The proof that the Norfolk and Norwich are different breeds is by taking one good look at their health.
Like the Norwich, the Norfolk does have issues pertaining to Patella Luxation. When the knee cap dislocates or slips out of place, it can rub against the region causing a great deal of discomfort and pain. Some cases may result in Osteoarthritis. According to the Orthopedic Foundation for Animals, the Norfolk Terrier ranks 30th worst for Patella Luxation. The breed carries a 5.1 dysplastic rating out of only 369 evaluations. This puts them among the Boston Terrier and Pug.
The breed does suffer from Hip Dysplasia as well. The malformation of the hip, which will cause pain and discomfort affects 34.8% of the Norfolk Terrier. This ranks them 18th and among the Boykin Spaniel, AmStaff Terrier, and the American Bulldog.
Intervertebral Disc Disease is another concern to worry about. This is when the spinal column bulges or bursts causing a world of problems and pain. This can also result in permanent paralysis and nerve damage.
Ichthyosis, which is a rare autosomal recessive disorder that causes the top layer of skin to suffer abnormal development. Typical signs are a rough or thick coat, greasy coat and painful swelling. Supplements, shampoo treatment and medication are necessary to help with the treatment.
The cloudiness of the crystalline lens, Cataracts, which can produce night blindness, and at times, complete loss of vision, is found within this breed.
Staying with the eyes, Primary Lens Luxation, which is common for terriers like the Norfolk and Norwich, is a genetic eye complication that may result in blindness. Reputable and ethical breeders can prevent this by obtaining reports of the father and mother.
Other possible issues arising for this breed may be Liver Shunts, Hypothyroidism and possibly allergies.
This is a breed that should be a part of your family endeavors. They don’t do with distance or being alone for long periods of time. You’ll need to provide them with adequate companionship and attention. They should get regular exercise. Two short walks a day, once in the morning and at night should suffice. Or, you can do one long walk. Fetch, dog parks, if they have proper socialization, are also good ideas for the Norfolk Terrier.
Typically, with dogs they grow up with, they are friendly. However, if they are new to another male dog, they may require supervision. The breed should be good with children.
A leash and fence is a good idea when it comes to the Norfolk. For whatever reason, they have selective hearing and when they want to chase something they go for it. That said, the breed does have quite a strong prey drive. You’ll want to avoid leaving them around mice, birds and other smaller animals.
Although the breed likes consistency, it is best to mix it up with the Norfolk Terrier. This is especially true for dogs learning new tricks. You’ll want to introduce new things to this breed as they prefer a good shake up here and there.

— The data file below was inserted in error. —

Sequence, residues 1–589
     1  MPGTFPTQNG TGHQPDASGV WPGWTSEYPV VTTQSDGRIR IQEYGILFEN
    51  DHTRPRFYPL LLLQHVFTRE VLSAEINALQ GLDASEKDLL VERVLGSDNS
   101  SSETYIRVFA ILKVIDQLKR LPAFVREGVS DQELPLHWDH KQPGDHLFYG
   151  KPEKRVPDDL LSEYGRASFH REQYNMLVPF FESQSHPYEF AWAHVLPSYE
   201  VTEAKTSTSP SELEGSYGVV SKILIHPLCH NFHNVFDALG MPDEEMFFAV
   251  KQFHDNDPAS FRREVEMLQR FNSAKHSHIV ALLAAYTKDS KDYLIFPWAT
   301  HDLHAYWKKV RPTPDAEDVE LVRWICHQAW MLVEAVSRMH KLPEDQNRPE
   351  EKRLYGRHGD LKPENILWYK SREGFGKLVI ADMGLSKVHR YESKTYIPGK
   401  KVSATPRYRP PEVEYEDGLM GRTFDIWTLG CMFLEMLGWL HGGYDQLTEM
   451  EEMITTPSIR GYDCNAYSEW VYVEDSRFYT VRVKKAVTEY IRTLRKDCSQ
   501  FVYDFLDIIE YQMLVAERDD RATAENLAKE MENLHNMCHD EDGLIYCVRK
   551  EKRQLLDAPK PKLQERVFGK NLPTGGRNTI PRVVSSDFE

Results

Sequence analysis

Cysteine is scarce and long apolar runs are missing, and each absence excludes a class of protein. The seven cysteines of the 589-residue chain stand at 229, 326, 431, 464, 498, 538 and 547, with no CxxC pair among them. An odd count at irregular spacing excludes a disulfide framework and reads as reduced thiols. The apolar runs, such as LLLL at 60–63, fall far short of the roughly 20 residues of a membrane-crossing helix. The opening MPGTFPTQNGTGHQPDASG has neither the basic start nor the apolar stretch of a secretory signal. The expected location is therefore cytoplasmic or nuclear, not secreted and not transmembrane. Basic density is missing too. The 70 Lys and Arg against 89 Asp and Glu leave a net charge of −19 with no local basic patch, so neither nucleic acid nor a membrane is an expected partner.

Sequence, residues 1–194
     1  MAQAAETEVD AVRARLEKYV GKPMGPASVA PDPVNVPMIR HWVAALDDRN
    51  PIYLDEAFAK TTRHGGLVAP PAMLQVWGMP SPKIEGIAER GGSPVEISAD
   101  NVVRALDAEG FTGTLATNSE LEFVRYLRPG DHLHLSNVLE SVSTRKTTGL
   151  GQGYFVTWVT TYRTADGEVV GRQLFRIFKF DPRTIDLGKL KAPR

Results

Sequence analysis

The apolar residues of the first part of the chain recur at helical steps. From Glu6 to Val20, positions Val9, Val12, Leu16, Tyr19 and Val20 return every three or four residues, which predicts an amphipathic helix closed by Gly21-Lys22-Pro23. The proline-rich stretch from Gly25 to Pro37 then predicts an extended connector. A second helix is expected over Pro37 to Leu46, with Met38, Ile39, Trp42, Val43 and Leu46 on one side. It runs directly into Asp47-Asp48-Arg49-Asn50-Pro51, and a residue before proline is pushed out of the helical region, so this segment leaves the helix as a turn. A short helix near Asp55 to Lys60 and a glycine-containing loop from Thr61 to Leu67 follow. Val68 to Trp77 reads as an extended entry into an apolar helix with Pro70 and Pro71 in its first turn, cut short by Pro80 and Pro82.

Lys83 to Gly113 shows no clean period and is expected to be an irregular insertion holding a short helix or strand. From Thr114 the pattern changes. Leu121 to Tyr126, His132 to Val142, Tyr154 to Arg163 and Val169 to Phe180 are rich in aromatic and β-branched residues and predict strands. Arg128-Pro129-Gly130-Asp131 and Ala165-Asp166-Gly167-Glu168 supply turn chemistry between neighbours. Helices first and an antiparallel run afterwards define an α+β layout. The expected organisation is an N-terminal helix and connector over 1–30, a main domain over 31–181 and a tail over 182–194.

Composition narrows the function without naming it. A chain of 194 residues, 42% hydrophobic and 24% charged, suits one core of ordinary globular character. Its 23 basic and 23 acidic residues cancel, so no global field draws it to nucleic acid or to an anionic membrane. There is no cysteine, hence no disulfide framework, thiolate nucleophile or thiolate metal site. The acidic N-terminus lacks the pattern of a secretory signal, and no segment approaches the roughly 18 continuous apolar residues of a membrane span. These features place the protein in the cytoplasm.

Aside from training and socializing them as puppies, you’ll want to check their dropped down ears regularly for bacterial build up. Trimming their nails routinely is helpful in preventing splitting and painful overgrowth. Bathe as necessary.
A Norfolk Terrier should be fed a high quality formula. The formula should have a balance and meat as the first ingredient. Of course, how much your Norfolk Terrier eats will depend on their activity rate, age and metabolism. Most owners seem content feeding their Norfolks half to 1 cup of top quality dry kibble per day. You can help reduce the chances of Bloat by breaking that up into multiple meals. You will want to watch the proclivity the breed has for obesity. Limit snacks and table feeding to a minimum.
For a typical 11 to 12 pound Norfolk, you’ll want to compensate between 421 calories to 450 per day. Conversely, for a moderate working dog, you’ll need to compensate 702 to 750 calories per day. 15 to 30 percent protein value and 10 to 20 percent crude fat for the healthiest dietary regimen.
Of course, you should always provide your Norfolk Terrier with fresh drinking water.
The Norfolk Terrier should have a dense and definitive undercoat. The outside coat should be hard and wiry, straight and close to the body. This is a seasonal shedding breed that will require occasional grooming. Some hand stripping will be necessary for this breed if you are looking to keep the dignity of their coat at its best.
According to the American Kennel Club, there are four acceptable coat color options: Black and tan, grizzle, red, and red wheaten.
There are no acceptable markings, according to the breed standard.
Regardless of what you call the Norfolk, from the Jones Terrier to the Cantab to the Trumpington… the one thing you can call them is energetic and courageous. This is a dog that may be small but isn’t afraid of a fight nor will they back down from their duty.
Yet, at the end of the day, the breed is best at toning it down, jumping up on their people’s lap, then cuddling and sharing the love and affection they have been saving the whole day.